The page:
Share
Explore BrainMass

Demonstrating behaviors of calculus

Numerical approximations to integrals typically get better -- i.e., their error goes down -- proportional to a power of N, the number of subintervals in the interval of integration. For the upper and lower sums, the error typically goes down like 1/N as N increases. For the midpoint and trapezoidal rules, the error typically goes down like 1/N^2. For Simpson's rule, the error typically goes down like 1/N^4.

(a) Demonstrate this behavior numerically, using the integral of x^3 on [0,1] as a typical integral. (b) Demonstrate that this normal behavior is NOT seen in the integral of sqrt(x) on [0,1]! Apparently the slightly bad behavior of sqrt(x) at 0 (it is not differentiable there) is to blame.

Solution Preview

Hi, here I have attached a file, which includes answer for your question.

Thanks for using the Brainmass service.
Hi, here is the solution.

(a) Demonstrate this behavior numerically, using the integral of x^3 on [0,1] as a typical integral.

Typical integral
1 Use
1 Power rule x^n = x^n+1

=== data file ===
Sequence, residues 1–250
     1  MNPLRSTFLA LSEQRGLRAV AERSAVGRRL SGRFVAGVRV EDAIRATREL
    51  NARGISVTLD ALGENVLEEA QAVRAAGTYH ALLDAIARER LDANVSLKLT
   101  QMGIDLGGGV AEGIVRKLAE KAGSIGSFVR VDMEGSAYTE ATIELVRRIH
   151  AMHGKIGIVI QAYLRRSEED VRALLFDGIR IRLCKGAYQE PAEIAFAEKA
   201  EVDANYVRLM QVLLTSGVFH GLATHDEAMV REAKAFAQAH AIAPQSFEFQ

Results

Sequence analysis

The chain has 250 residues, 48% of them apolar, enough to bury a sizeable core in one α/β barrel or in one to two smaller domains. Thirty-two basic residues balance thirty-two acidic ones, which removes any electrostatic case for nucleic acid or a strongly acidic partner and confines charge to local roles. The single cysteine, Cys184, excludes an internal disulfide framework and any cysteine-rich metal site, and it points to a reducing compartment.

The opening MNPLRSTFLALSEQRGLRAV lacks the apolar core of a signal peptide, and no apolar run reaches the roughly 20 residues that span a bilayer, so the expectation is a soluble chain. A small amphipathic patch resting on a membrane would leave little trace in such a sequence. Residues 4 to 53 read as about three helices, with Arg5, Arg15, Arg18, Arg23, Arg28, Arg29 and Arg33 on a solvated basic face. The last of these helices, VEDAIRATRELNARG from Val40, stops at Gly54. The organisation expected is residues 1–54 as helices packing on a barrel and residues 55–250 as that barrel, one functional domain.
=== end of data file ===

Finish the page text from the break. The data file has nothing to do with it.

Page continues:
x^3 . dx = [ x^4/4] --------
0 n+1

0

[ ¼ - 0] => ¼ => 0.25

Now, we have to use the Trapezoidal rule and simpson's rule, then we have to compare the result with typical integral and show that the error goes down when n increase (ie) If the subinterval increases the error will be reduce.

Trapezoidal rule:
b

f(x) dx = h/2 [ f 1+ 2 f2 + 2 f3+......+2 fn+ fn+1]

a

Where h= (b-a)/n n- is the subinterval (we can take any number for n, when n-increases the error will be reduce)

Here the interval [ 0,1], we take n=4

h= (1-0)/4 = 0.25

So, we take subinterval 0, 0.25, 0.5, 0.75,1
1

x^3 dx = ...

Solution Summary

This solution is comprised of a detailed explanation to demonstrate this behavior numerically, using the integral of x^3 on [0,1] as a typical integral.

$2.19